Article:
Author: Staubus, Martin
Source: The Beyster Institute
Number of pages: 2
When the people who work in a business own an equity interest in the success of the venture, they have a clear reason to work cooperatively together and help each other to produce positive results. They may be less inclined to engage in the sort of backstabbing, turf-building and other dysfunctional behaviors that can plague many traditional companies in which the employees have no ownership stake. In short, they show teamwork.
So what? It's all well and good that a shared ownership stake may promote a team orientation, but does teamwork necessarily translate into superior business results? Isn't having a few super-producers - star performers - really more important than a bunch of ordinary people making nice to each other?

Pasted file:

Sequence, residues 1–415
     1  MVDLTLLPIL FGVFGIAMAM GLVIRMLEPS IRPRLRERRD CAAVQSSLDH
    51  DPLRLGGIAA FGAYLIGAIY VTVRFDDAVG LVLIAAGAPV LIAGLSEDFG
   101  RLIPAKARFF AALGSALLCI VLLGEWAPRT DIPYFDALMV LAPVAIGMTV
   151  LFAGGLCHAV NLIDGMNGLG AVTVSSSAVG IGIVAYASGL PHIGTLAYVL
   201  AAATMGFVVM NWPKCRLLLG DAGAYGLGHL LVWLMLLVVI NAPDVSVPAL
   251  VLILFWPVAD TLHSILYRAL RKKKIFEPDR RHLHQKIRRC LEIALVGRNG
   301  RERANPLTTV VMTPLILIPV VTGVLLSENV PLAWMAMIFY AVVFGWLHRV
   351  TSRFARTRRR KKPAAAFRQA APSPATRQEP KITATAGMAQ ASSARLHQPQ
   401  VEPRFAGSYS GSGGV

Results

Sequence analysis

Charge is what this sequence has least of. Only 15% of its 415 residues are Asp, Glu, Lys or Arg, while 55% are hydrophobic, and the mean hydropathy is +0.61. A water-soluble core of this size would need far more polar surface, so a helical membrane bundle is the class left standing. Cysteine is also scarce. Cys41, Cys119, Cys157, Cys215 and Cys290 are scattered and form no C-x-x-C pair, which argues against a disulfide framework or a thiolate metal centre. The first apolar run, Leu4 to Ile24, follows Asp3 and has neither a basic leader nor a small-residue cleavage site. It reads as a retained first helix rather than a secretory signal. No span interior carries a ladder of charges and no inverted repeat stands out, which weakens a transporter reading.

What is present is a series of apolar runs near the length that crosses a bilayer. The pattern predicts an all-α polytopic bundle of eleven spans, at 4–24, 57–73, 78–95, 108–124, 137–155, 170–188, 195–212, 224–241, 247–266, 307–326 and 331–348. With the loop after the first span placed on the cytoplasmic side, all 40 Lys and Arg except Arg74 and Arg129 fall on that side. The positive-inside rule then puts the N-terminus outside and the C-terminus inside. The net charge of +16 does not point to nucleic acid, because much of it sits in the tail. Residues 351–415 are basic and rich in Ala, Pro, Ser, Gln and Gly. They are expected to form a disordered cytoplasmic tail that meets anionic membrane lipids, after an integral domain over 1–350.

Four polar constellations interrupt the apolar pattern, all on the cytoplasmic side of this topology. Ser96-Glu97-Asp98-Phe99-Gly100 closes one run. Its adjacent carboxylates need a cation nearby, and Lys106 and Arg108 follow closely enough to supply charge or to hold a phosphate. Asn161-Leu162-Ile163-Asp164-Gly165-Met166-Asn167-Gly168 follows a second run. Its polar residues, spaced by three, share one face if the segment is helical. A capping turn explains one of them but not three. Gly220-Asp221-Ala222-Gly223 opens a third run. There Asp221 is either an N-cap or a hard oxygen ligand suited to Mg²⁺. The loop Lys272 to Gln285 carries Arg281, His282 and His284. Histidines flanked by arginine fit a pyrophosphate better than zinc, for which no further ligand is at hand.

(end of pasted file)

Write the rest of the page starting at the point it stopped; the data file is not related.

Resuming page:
For the answer to that question, we don't have to rely on hunches, or instincts, or a handful of individual cases. It turns out that some careful research has been done on this point. Data were gathered from a wide range of companies in an effort to settle the question of which is more important in generating superior performance: teamwork, or "stars"? The answer, hands down, turned out to be teamwork.